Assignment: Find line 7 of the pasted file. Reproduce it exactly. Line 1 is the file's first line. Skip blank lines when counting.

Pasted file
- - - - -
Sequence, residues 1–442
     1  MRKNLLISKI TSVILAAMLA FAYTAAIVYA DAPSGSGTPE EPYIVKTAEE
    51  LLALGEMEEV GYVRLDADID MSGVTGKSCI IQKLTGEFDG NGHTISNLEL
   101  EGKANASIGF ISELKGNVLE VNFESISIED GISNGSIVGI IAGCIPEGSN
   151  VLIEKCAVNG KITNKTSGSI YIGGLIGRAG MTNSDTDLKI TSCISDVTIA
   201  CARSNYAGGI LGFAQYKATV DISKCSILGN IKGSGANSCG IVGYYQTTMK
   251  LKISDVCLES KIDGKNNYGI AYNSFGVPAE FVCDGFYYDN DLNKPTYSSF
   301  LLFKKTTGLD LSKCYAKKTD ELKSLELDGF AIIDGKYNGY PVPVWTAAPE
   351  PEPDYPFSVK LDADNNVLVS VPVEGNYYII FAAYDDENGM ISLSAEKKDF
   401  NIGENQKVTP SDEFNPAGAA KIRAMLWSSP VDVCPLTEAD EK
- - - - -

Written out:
   251  LKISDVCLES KIDGKNNYGI AYNSFGVPAE FVCDGFYYDN DLNKPTYSSF